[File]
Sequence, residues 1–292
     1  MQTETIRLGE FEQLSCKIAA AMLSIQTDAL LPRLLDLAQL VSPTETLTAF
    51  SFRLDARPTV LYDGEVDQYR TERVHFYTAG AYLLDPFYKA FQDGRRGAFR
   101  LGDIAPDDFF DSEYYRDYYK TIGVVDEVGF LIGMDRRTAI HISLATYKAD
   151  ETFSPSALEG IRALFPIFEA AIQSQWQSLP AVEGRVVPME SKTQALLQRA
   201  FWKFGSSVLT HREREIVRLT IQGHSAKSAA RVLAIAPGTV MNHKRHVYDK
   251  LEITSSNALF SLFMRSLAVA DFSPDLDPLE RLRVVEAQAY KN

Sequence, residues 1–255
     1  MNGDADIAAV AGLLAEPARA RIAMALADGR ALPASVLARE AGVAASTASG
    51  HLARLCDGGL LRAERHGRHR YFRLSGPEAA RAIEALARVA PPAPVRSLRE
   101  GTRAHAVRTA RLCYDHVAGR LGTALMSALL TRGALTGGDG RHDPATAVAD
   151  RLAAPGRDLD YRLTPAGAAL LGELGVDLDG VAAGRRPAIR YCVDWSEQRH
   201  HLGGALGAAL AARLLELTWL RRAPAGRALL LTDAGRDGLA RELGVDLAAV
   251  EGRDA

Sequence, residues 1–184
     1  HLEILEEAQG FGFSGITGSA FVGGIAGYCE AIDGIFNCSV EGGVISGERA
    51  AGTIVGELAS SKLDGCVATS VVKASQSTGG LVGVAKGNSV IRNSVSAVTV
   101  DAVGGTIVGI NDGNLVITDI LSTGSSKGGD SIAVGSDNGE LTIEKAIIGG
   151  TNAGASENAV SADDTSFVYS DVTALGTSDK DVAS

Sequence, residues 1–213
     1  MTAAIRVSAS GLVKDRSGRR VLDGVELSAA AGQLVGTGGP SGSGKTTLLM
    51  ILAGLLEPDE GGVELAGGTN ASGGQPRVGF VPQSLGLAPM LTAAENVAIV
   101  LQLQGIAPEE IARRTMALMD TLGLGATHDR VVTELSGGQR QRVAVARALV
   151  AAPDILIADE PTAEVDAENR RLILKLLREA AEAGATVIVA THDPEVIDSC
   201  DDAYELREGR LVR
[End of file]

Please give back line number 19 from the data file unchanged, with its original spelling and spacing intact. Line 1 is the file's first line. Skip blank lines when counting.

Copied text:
   151  TNAGASENAV SADDTSFVYS DVTALGTSDK DVAS